Earlier in the campaign, Trump asserted that the winner should be declared on election night, another outcome no one can guarantee and one that may elude the country Tuesday.
There is no requirement that the winner is determined on Election Day.
He once raised the question of delaying the election, then dropped the thought, but has persisted in groundless allegations that the election is certain to be plagued by fraud.
TRUMP: "Strongly Trending (Google) since immediately after the second debate is CAN I CHANGE MY VOTE? This refers to changing it to me. The answer in most states is YES. Go do it. Most important Election of your life!" — tweet Tuesday.
THE FACTS: Not so fast. Some states allow voters to switch their early vote, but laws vary and many have restrictions.
Minnesota, for instance, allows voters to "clawback" their vote and change it, but the deadline for that has passed. Wisconsin allows people to change their vote up to three times, though it doesn't happen often.
Florida allows voters who received mail ballots to choose to vote in person instead, but they cannot vote more than once.
If a voter has already sent his or her mail-in ballot and then goes to vote in person, "the (mail) ballot is deemed cast and the voter to have voted," according to Florida law.
David Becker of the Center for Election Innovation said changing a vote in states where that is possible is "extremely rare" and very complicated.
"It's hard enough to get people to vote once — it's highly unlikely anybody will go through this process twice," he said.
Trump's suggestion that he did so well in the debate that people who already voted for Biden wished they could switch to him is not borne out by the search engine's statistics.
Google searches for "change my vote" did not crack the top 20 searches that night or after. Jill Biden was the subject of Google's 20th most popular search that day.
On Friday, the new "Borat" movie, presidential polls, and college football were among the subjects drawing the top 20 attention.
TRUMP: "Big problems and discrepancies with Mail-In Ballots all over the USA." — tweet Monday.
THE FACTS: No, the catastrophe Trump has warned darkly about for months in mail-in voting has not materialized.
There have been sporadic reports of voters receiving mail ballots that were incorrectly formatted and other localized hitches in the record early turnout, but large-scale disenfranchisement has not been seen.
Trump has conspiratorially inflated local incidents, contending, for example, that mail-in ballots filled out for him are being dumped in rivers or creeks. This is a fabrication.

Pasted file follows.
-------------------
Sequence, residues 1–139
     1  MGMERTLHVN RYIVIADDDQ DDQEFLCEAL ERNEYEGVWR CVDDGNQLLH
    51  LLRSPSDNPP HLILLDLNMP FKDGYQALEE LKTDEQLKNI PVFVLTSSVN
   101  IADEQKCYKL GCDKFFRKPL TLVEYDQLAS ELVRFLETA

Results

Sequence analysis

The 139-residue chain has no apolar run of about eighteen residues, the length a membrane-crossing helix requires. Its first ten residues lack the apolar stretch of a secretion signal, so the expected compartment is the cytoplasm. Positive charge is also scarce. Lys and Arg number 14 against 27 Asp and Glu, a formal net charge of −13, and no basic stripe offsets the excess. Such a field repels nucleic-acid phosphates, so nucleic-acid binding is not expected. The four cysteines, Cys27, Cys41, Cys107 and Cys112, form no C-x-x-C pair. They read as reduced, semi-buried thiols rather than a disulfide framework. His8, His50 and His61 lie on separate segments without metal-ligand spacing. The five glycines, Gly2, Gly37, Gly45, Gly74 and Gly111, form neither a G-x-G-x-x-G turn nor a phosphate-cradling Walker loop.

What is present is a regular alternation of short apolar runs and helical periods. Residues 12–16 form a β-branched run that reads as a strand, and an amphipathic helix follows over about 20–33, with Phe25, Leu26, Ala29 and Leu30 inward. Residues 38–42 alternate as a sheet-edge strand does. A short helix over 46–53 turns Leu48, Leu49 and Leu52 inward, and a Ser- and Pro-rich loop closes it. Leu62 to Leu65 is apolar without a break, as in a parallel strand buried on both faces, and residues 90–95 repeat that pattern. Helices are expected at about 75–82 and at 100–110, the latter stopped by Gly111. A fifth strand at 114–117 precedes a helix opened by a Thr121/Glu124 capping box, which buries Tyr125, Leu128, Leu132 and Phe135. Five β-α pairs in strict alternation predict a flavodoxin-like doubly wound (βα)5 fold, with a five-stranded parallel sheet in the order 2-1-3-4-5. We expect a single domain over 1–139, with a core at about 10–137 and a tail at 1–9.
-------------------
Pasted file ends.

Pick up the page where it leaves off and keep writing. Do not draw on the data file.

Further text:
Three trays of mail were found by the side of a road and in a ditch — not a river or creek — in Greenville, Wisconsin, in mid-September.
The sheriff initially said "several absentee ballots" were in the mix.
The state's elections officer later said no Wisconsin ballots were in the lost mail after all. No one said ballots marked for Trump were thrown out in the incident.
Trump's motive for challenging votes by mail is plain: Democrats are dominating that segment of voting.
Registered Democrats have also outnumbered registered Republicans in early voting in person at polling places, though the gap is narrower than with mailed ballots.
In short, Trump may need supporters to show up in huge numbers Tuesday if not before, and his baseless allegations of early-voting irregularities are designed to motivate them to do so as well as to portray the result as illegitimate if Biden wins.
TRUMP, suggesting that Nevada's Democratic Gov. Steve Sisolak will add fraudulent votes: "We're worried about the governor. ... Some of these people, in Nevada, they want to have the election. They want to have the count weeks after November 3rd. So let's all wait for the governor to count them up good, and how many is he going to add during that two weeks, right?" — Arizona rally Wednesday.
TRUMP, on Pennsylvania's Democratic Gov. Tom Wolf: "The governor counts the ballots. ... This is the guy that's counting our ballots? It doesn't work. It doesn't work." — remarks Monday in Pennsylvania.
THE FACTS: To be clear, governors don't count the votes, and they can't just manufacture votes in the election.
Local county officials in Pennsylvania send out the ballots and count the votes. The state's top elections official is Secretary of State Kathy Boockvar, a Wolf appointee.
In Nevada, Sisolak has been a target of Trump's ire after Sisolak in September criticized Trump's indoor rally in a Las Vegas suburb for violating the state's large-scale ban on indoor gatherings.
But Sisolak doesn't tally the votes himself, and Trump makes a baseless assertion that he can add fraudulent votes to the count.
Nevada's secretary of state oversees that state's new all-mail election. That office is held by Barbara Cegavske and she is a Republican.
TRUMP: "In Nevada, they want to have a thing where you don't have to have any verification of the signature." -- New Hampshire rally Oct. 25.
THE FACTS: Not true, despite his frequent assertions to the contrary.
The state's existing law requires signature checks on mail ballots. A new law also spells out a process by which election officials are to check a signature against the one in government records.
In Nevada's June primary, nearly 7,000 ballots were thrown out due to mismatched or missing signatures.
TRUMP: "I say the biggest risk we have are the fake ballots." — New Hampshire rally.
THE FACTS: His claim, frequently made in the last days before the election, is overblown.
It's true that many states are expecting a surge in mail-in voting because of the coronavirus pandemic, which may lead to longer times in vote counting.
The Supreme Court, for instance, will allow Pennsylvania to count mailed-in ballots received up to three days after the election; it also will allow North Carolina to count votes received nine days after the election so long as ballots are postmarked by Nov. 3.
But there is no evidence to indicate that massive fraud is afoot. Any delay in declaring a winner of the presidential race after Tuesday would not in itself be illegal.
Broadly speaking, voter fraud has proved exceedingly rare. The Brennan Center for Justice in 2017 ranked the risk of ballot fraud at 0.00004% to 0.0009%, based on studies of past elections.
In the five states that regularly send ballots to all voters who have registered, there have been no major cases of fraud or difficulty counting the votes.
Even if the election is messy and contested in court, the country will have a president in January — and not have vote counting going on "forever" as he asserts — because the Constitution and federal law ensure it.